Presidential Health Lies: It’s happened before; is it happening again?

Leading presidential candidate Hillary Clinton recently didn’t tell an adoring mainstream media that she was sick—very sick—until she had to sit down at an event because she was dehydrated. Clinton, a senior citizen in her 60s, recently had to leave the campaign because she was suffering from pneumonia, even though she had unilaterally decided that she didn’t need to disclose her health problems.
When asked later by reporters why she didn’t admit the problem, Clinton said, “I just thought it was no big deal.”

No big deal?

Pneumonia kills old and young every day of the week, especially those in Clinton’s age bracket. She is now “fit” and in good shape to campaign for the president, according to her physician. So Democrat Hillary Clinton says her pneumonia was not even important enough to mention.

De veras, senora?

Clinton’s Republican challenger, Donald Trump, also is in the self-assessment business and claims that he’s in great shape. That’s even though he, the same as most Americans, is chubby (America in 2016 is a place where pay one price and eat all you want restaurants are a can’t miss proposition. I just got a proposal from Olive Garden to eat as much pasta as I want for a low price). Trump recently went on the Dr. Oz show, thrusting a few test results in the doctor’s hands. Even though he’s 6’3, 240 pounds, Trump says the tests prove that he’s in great shape. (Sure, and even though I’m married to the ever comely Suzanne Hall, I’ll be going out on dates with Cindy Crawford. Be sure to watch this space for Gregorio’s night on the town with Cindy).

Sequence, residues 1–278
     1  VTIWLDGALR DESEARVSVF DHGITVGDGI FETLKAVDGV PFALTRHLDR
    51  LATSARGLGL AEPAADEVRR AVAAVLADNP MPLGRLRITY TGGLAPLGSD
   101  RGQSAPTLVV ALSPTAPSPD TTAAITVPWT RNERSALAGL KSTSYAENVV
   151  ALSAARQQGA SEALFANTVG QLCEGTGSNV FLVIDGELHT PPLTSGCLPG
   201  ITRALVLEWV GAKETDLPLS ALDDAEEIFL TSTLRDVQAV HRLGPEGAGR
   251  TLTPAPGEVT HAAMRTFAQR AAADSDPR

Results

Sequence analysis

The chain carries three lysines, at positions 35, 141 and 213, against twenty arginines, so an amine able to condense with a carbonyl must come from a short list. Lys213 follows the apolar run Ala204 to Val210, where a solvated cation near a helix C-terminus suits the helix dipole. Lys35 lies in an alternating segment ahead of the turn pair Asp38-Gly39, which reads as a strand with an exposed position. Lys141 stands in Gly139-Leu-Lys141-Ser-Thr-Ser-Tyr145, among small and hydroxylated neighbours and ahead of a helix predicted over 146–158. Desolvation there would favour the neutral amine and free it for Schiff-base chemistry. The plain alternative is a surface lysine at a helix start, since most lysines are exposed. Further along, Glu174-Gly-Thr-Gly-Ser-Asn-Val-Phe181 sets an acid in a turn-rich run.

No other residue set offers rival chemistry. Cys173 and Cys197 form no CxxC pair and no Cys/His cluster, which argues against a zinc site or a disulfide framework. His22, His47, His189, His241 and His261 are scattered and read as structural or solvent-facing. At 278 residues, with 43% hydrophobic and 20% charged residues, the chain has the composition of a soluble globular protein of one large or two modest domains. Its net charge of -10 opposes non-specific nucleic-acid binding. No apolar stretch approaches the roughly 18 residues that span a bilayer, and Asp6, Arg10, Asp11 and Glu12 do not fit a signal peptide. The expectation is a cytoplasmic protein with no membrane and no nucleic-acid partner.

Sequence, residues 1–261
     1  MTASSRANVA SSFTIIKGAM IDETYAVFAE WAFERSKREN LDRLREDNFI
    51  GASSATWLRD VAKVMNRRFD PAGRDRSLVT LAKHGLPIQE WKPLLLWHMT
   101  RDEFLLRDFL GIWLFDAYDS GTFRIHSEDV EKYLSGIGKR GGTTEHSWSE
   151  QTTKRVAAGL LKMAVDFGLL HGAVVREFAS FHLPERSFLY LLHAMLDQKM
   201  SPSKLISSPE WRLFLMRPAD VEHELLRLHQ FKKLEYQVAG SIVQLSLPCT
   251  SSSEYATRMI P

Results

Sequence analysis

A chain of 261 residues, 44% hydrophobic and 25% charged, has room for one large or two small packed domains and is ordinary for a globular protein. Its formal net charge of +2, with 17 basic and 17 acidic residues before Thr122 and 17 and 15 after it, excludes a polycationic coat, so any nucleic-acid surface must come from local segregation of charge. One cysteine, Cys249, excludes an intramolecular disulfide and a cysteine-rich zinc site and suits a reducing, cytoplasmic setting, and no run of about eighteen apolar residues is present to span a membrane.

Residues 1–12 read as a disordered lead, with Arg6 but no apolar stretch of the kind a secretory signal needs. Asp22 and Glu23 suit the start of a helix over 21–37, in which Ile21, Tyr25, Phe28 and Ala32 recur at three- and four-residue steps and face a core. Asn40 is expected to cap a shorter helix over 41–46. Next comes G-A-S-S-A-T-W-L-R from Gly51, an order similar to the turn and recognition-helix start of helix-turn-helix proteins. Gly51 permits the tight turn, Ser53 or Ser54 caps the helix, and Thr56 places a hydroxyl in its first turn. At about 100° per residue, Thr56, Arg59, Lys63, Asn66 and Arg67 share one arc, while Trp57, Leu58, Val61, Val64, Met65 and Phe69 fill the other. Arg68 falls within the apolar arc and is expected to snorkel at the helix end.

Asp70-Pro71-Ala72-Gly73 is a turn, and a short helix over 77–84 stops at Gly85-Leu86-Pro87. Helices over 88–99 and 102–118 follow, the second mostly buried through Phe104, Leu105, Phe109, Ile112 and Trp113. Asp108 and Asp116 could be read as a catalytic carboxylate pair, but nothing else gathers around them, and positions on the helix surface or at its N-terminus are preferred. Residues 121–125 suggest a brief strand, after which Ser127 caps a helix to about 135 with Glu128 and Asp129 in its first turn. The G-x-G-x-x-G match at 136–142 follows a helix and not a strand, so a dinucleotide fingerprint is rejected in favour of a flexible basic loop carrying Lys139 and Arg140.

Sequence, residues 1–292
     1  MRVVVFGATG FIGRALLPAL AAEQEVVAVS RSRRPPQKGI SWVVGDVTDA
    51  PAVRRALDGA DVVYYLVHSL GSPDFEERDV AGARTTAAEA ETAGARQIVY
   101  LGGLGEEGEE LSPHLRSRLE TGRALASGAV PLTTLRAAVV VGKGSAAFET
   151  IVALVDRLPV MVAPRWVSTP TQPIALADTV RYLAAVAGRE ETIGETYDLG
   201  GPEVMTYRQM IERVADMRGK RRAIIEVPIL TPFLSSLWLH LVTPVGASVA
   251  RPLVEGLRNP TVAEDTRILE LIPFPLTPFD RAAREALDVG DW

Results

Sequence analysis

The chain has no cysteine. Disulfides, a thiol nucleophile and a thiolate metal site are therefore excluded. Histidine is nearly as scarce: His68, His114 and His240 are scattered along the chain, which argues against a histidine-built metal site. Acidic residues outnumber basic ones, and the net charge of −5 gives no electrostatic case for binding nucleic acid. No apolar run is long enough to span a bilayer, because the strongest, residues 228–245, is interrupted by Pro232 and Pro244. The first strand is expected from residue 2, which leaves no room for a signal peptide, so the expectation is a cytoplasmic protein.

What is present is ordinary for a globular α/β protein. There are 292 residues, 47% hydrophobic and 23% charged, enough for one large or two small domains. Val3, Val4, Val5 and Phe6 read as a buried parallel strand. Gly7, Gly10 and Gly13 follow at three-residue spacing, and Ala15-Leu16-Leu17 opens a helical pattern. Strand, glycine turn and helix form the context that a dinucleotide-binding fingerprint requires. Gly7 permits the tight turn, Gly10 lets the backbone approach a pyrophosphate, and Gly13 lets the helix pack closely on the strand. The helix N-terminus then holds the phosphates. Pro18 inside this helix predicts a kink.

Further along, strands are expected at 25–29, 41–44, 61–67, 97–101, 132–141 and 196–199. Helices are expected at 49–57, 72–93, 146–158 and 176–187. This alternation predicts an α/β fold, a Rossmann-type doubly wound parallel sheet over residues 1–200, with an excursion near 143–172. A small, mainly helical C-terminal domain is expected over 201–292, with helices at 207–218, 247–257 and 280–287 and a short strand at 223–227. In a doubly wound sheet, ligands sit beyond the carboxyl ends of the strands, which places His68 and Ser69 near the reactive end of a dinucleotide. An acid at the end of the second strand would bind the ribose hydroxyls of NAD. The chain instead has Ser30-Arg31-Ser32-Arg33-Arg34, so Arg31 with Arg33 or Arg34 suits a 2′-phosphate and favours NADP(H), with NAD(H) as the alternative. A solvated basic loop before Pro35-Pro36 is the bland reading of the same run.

Trump says, even though he is 70, he is actually 35.

De veras, senor?

Obesity can lead to a host of diseases, including diabetes and heart disease.

Whose Holding that Stethoscope?

Are the two top presidential candidates, who are relying on the words of the physicians they choose and the release of selective medical data of their own choosing, misleading Americans about their health?
If so, it wouldn’t be the first time. The problem is presidential candidates, and even presidents, can selectively release information just as they can selectively avoid debating or holding regular press conferences since there is no legal obligation to do any of this.

They are not obliged to use independent physicians. This “I’ll decide if and when to release medical information” system has been going on for generations. In one case, it resulted in the American people, toward the end of World II, re-electing a president who was popular but very sick. Indeed, only a few insiders knew that President Franklin Delano Roosevelt (FDR) would never survive a fourth term. However, at the same time that he was making vitally important decisions during WWII, his physician was telling the public that FDR was in good health. This is in a new book, “The Final Battle: The Last Months of Franklin Roosevelt,” by Joseph Lelyveld. FDR’s personal doctor, Admiral Ross McIntire, said, when FDR was suffering from a cold, that the president would be “good as new in a day or two.” Less than a year later he was dead.